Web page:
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Horse Nettle is a good plant just to look at but not to touch.

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Canada Thistle is a pesky weed for Ohio farmers.

As if playing “King of The Mountain” the vine and flower of the Morning Glory take advantage of an accommodating Moth Mullein.

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Black-eyed Susan’s spread their cheer. 

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Not the most common of our native wildflower standing forlorn at waters edge is what remined of a fairly large display of Butterfly Weed, someone had picked the rest.

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Daisy Fleabane.

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Thimbleweed.

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Tall Meadow-rue.

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White Moth Mullein.

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Canada Anemone.

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Reservoir landscape.

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It never did rain and as our longer than expected time in the park came to a close so did the time for taking a “closer look” and for reflection. As is often the case when in nature we left much richer than when we came.

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Thanks for stopping by.

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Perhaps I should stick with photography!

 

A Few Days Along The Rifle River

Last week we spent a few days in Michigan in the Rifle River Recreation Area not far from the town of West Branch on the northeast side of the lower peninsula. With a number of excellent hiking trails, and lakes that don’t allow motors, it’s an excellent place for nature viewing. The lack of boat generated wakes on Devoe Lake means that Loons nest there. To the best of our knowledge it’s the closest location from central Ohio where nesting Loons can be seen. There are also Bald Eagles, Osprey as well as other birds to enjoy. When out exploring one is also treated to dragonflies and butterflies, as well as a number wildflowers not seen in central Ohio. Not far from the park is the AuSable River and the adjacent National Forest create even more opportunities for paddling and outdoor adventure.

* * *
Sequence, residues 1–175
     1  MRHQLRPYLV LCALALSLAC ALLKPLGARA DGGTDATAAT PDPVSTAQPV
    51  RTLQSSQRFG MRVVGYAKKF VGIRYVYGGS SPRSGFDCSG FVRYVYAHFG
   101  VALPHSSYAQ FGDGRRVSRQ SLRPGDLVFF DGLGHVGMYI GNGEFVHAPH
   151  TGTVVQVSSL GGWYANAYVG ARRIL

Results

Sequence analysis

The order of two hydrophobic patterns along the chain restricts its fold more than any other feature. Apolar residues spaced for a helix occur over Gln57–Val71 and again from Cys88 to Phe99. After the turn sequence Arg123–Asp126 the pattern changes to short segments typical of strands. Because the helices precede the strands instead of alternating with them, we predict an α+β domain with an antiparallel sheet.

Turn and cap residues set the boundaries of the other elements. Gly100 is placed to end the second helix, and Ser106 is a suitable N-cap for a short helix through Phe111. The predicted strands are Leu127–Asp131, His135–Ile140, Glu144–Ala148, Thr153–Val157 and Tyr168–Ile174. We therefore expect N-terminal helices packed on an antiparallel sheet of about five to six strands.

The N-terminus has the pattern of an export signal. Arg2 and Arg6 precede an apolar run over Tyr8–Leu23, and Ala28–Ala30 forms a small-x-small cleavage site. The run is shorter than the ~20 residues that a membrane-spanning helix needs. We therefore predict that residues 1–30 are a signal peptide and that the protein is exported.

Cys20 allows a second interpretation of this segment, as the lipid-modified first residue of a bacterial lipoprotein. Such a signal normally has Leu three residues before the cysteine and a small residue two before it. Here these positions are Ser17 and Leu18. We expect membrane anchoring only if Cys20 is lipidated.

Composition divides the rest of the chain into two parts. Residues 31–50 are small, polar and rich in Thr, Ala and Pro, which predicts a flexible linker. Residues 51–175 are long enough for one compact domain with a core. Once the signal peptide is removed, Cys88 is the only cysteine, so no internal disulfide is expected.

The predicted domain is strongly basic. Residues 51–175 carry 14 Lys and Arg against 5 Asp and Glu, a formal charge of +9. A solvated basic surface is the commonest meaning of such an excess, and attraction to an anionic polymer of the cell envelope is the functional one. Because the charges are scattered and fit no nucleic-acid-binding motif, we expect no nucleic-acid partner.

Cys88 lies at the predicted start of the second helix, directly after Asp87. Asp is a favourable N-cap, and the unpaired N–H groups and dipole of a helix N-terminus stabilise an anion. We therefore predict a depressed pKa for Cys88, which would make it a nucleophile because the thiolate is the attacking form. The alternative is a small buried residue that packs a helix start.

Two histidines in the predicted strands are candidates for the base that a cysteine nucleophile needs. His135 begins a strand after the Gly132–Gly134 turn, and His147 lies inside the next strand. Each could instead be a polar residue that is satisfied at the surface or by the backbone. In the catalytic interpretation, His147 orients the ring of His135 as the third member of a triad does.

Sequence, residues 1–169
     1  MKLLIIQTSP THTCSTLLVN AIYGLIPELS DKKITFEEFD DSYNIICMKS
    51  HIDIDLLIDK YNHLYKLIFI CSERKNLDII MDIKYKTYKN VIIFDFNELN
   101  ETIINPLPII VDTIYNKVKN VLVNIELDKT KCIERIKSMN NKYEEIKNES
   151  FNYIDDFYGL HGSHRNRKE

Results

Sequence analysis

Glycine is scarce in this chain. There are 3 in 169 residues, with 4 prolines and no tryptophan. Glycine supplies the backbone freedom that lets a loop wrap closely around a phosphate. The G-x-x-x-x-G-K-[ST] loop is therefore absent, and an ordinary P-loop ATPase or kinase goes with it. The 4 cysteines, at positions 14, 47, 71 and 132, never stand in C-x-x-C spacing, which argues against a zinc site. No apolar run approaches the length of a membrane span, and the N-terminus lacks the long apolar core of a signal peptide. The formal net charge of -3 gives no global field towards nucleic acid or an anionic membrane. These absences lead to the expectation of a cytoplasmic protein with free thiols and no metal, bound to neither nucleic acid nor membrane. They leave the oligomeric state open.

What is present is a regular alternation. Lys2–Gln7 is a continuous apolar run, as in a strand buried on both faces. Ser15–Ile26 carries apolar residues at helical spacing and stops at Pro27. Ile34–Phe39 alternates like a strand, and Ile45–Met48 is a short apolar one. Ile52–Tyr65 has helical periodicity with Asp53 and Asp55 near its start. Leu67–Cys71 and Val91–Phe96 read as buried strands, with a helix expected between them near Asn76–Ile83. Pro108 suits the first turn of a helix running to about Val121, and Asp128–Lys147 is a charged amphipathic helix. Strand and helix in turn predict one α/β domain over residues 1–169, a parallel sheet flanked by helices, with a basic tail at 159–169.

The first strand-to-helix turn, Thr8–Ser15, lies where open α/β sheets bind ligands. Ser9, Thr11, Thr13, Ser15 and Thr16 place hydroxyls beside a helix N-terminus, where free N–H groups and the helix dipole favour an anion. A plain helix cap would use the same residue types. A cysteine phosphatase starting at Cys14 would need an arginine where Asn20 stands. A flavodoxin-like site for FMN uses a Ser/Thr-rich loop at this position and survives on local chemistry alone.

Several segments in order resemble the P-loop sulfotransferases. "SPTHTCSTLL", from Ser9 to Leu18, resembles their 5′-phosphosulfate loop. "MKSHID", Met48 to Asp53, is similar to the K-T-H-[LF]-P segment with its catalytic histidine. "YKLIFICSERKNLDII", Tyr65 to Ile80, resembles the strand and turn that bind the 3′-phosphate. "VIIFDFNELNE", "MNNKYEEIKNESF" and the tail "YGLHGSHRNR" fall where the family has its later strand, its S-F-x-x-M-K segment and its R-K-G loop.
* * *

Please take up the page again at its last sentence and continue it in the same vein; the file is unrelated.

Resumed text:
Overlooking Grousehaven Lake, early morning.

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We could spend hours watching loons. A quiet paddle on Devoe Lake allows one to observe them as they go about their day.

Adult Common Loon, Devoe Lake

In the middle of preening this adult seems to be sneaking a peek.

Testing it’s wings, (Donna).

The young are almost always begging for food.

The adult comes through. How does a bird as big as a loon chase down such a small fish under water?

One more picture.

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A view from the canoe.

Devoe Lake

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Bald Eagles are sometimes seen flying overhead as we observe the loons with their young. If they get too close the adult loons create quite a commotion!

A Bald Eagle looks over Devoe Lake.

Bald Eagle, Load Pond, AuSable river.

Take 3, (Donna).

Other birds of prey also frequent the area.

An Osprey takes a break along the shoreline of Devoe Lake, (Donna).

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Early morning solitude near our campsite.

Looking across the Jewett Lake.

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Most birds were seen from the canoe as we made our way along the shoreline of Devoe and Grebe Lakes, as well as Loud Pond on the Au Sable River.

Baltimore Oriole, Devoe Lake.

A Kingbird, the dragonflies worst enemy, waits for it’s next meal along the shore of Devoe Lake.

Three Caspian Terns circled overhead, occasionally landing, as we made our way back to our launch site on wind swept Loud Pond. A few reasonable sharp images were obtained.

Trumpeter Swans, Grebe Lake.

A Kingfisher actually stays put long enough for a “usable” picture, Devoe Lake.

A Green Heron is caught preening, Devoe Lake, (Donna).

Spotted Sandpiper, Loud Pond.

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While hiking, especially this time of year, birds usually give way to the wildflowers and interesting types of fungus.

Coral fungus near our campsite.

Turtlehead.

Bridge across the Rifle River.

Grass of Parnassus

Ontario Lobelia

An exotic looking mushroom near our campsite.

Knapweed, (ID c/o “NH Garden Solutions”)

Indian Pipe

Donna enjoying the ferns.

Doll’s Eyes

Asters

Broad-leaved Arrowhead

Great Blue Lobelia.

Fringed Loosestrife, (Donna).

Just after this picture was taken this tree got a big hug!